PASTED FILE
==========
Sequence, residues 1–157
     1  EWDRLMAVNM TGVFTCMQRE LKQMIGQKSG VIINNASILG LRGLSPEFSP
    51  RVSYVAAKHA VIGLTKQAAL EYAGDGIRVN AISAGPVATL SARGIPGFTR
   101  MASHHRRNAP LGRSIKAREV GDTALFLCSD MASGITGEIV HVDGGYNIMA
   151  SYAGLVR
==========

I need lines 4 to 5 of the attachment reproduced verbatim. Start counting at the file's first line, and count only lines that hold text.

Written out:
   101  MASHHRRNAP LGRSIKAREV GDTALFLCSD MASGITGEIV HVDGGYNIMA
   151  SYAGLVR